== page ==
Tuesday, June 19, 2012

Sorta political: Is intelligence stupid?

Some more on yesterday's theme because late yesterday afternoon I found a credentialed intelligent person writing that intelligence wasn't very smart. Atoshi Kanazawa's latest book is called “The Intelligence Paradox: Why the Intelligent Choice Isn’t Always the Smart One”. He made an appearance in an interview at The Economist yesterday and said some juicily counter-intuitive stuff like this:
Actually, less intelligent people are better at doing most things. In the ancestral environment general intelligence was helpful only for solving a handful of evolutionarily novel problems.
That, by the way, is not as creative as you might think. Although humans, particularly in modern western culture, praise intelligence it has proven impossible so far to establish that intelligence is an adaptive trait.

But it opens a fascinating line of inquiry don't you think? It suggests that the bullies who picked on the geeks back in the schoolyard might have  been, how do we put this, smarter than we would think. At the very least, the bully wanted to know what the hell made the geek so important. The teachers kept telling him that this guy was important but he wasn't good at anything that mattered in high school: he wasn't good at sports, he wasn't good with girls and he wasn't good at making friends. Why, the geek wasn't even smart because when he came up against the bully in an insult match, the geek lost that too.

The temptation is to say that the teachers had a better grasp on what would really matter in the long run; to say that mathematics and literature matter more than being really good at playground putdowns and at fighting. The reason we think the geek is right and the bully is wrong is authority. We accept the authority of the teachers.

The further temptation is to say, it's not just "authority" because this authority is based on fact. Well, maybe. But all authority is corruptible and the teachers are not always right. On top of which, the world could change abruptly. If central authority suddenly crumbled and we found ourselves struggling to survive the bully might well be a more useful guy to have around than the geek.

There are also different kinds of geek. These days math geeks are much more valuable than literature or art geeks. This wasn't always the case.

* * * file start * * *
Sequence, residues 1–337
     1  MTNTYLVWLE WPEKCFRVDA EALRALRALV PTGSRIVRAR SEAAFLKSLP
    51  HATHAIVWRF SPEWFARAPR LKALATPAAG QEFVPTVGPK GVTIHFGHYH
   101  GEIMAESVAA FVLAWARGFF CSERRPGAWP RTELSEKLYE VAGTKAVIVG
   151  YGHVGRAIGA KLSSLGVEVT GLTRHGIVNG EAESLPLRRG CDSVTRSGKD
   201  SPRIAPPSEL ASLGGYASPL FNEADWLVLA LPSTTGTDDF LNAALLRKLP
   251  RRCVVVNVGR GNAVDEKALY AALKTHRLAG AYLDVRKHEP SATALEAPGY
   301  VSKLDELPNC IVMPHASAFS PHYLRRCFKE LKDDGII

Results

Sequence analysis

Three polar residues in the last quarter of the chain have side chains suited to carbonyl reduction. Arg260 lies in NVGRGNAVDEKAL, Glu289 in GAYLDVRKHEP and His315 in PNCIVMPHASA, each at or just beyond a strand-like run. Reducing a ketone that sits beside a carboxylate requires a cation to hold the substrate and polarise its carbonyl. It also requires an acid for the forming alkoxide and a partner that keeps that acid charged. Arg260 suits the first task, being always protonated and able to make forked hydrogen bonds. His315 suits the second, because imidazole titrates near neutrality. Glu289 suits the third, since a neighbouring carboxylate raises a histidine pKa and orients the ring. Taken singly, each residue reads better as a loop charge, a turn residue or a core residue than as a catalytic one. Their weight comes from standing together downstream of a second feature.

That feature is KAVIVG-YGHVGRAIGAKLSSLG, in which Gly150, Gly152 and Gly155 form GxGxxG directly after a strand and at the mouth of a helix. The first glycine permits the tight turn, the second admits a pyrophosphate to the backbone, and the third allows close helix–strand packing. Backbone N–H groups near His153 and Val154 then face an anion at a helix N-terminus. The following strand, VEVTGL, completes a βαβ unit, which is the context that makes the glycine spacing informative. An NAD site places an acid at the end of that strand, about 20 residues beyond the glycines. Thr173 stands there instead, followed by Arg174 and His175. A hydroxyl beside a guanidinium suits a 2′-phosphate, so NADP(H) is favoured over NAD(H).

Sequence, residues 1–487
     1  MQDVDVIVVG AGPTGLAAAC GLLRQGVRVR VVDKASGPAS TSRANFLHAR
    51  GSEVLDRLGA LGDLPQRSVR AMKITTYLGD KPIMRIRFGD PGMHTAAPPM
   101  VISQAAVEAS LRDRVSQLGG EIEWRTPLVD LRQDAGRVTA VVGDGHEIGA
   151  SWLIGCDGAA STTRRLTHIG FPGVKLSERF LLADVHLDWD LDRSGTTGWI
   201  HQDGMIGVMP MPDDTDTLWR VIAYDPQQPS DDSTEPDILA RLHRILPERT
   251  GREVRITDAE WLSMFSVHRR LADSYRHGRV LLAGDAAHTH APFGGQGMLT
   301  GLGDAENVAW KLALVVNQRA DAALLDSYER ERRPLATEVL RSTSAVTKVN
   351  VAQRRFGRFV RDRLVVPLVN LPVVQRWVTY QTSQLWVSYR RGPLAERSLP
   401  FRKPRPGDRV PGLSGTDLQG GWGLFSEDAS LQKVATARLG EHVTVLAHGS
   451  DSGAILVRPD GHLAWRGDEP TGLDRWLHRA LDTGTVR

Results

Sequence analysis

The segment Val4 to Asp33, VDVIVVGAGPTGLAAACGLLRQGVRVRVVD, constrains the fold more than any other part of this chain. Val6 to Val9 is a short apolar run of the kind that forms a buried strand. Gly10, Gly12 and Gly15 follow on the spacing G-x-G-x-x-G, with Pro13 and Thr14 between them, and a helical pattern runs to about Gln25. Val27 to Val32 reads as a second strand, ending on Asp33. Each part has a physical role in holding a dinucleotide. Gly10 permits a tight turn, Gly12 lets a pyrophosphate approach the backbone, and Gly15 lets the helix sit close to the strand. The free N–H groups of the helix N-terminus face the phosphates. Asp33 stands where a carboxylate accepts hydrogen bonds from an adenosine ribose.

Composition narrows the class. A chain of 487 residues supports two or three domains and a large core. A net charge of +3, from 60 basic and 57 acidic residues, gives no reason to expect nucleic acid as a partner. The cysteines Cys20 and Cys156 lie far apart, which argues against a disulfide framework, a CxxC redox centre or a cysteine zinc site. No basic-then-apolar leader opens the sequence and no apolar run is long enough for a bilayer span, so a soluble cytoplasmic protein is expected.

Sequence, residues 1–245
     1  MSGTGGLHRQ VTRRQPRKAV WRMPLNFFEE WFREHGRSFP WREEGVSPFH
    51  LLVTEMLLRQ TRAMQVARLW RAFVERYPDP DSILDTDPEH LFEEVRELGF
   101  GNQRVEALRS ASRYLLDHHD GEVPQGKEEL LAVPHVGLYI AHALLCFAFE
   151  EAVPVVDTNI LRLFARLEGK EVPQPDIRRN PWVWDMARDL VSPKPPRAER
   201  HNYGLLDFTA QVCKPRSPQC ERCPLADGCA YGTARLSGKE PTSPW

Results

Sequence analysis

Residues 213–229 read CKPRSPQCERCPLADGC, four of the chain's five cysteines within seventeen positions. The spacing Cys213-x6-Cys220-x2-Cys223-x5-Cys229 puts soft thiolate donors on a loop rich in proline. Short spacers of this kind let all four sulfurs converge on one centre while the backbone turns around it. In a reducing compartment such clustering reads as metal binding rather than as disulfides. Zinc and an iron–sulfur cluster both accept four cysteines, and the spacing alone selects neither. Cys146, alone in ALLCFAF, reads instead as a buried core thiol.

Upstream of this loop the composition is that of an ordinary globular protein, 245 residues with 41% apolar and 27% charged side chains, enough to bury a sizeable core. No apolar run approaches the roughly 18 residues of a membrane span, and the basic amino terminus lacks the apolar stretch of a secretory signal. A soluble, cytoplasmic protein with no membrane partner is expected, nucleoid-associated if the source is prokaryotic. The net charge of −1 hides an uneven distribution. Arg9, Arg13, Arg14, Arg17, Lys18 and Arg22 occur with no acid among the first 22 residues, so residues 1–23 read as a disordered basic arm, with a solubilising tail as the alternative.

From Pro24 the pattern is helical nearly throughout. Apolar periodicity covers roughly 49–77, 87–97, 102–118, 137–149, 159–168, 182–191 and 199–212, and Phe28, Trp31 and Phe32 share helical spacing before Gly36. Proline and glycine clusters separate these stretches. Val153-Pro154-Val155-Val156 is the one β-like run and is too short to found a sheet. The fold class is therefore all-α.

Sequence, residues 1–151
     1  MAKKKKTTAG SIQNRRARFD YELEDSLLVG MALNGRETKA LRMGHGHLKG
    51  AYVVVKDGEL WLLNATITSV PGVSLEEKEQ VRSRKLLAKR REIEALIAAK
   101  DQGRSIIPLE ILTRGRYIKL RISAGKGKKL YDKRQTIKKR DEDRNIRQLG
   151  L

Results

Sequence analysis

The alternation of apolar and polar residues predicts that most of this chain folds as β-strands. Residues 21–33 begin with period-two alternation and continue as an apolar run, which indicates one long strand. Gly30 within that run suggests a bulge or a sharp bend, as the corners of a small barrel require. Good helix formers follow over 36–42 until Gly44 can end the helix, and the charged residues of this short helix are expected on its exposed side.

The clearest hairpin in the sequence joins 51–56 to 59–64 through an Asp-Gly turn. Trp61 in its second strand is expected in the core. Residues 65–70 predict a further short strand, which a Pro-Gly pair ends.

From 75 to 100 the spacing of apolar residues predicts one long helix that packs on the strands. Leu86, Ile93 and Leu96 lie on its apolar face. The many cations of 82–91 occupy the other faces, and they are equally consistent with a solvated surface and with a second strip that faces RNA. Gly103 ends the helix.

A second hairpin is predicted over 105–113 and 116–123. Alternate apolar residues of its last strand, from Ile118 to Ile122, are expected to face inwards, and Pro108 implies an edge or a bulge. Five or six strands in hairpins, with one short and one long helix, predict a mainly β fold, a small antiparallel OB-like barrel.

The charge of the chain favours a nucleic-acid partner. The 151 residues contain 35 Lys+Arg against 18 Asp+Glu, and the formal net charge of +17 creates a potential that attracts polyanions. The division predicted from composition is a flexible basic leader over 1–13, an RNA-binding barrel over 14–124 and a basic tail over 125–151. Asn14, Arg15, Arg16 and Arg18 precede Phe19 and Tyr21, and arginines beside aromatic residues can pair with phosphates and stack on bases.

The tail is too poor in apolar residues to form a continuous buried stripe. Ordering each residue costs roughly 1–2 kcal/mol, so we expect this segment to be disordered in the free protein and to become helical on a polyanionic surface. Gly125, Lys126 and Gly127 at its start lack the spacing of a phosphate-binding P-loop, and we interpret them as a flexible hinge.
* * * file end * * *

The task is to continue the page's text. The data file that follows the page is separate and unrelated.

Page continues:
Okay, let's get back to our buddy Kanazawa. He is, or claims to be, an authority. The Economist tells us that he is,
Reader in Management at the London School of Economics and Political Science, and Honorary Research Fellow in the Department of Psychology at Birkbeck College, University of London. He has written over 80 articles across the fields of psychology, sociology, political science, economics, anthropology and biology.
Well, let's just concede everything right away shall we? 

Here is another way to approach his stuff. Think of Kanazawa not as infallible authority but rather as an unconscious defender of the current elite.

Here is his explanation of why the modern west considers intelligence important (with added emphasis):
General intelligence is very important in modern life because our environment is almost entirely evolutionarily novel. Most of the problems that we have to solve today—how to excel in school, how to find jobs, how to do virtually everything on a computer—are evolutionarily novel. So intelligent people do well in almost every sphere of modern life, except for the most important things, like how to find a mate, how to raise a child, how to make friends. Intelligence does not confer any advantage for solving all the evolutionarily familiar problems that our ancestors encountered. More intelligent people do not have any advantage in finding mates and often have disadvantages.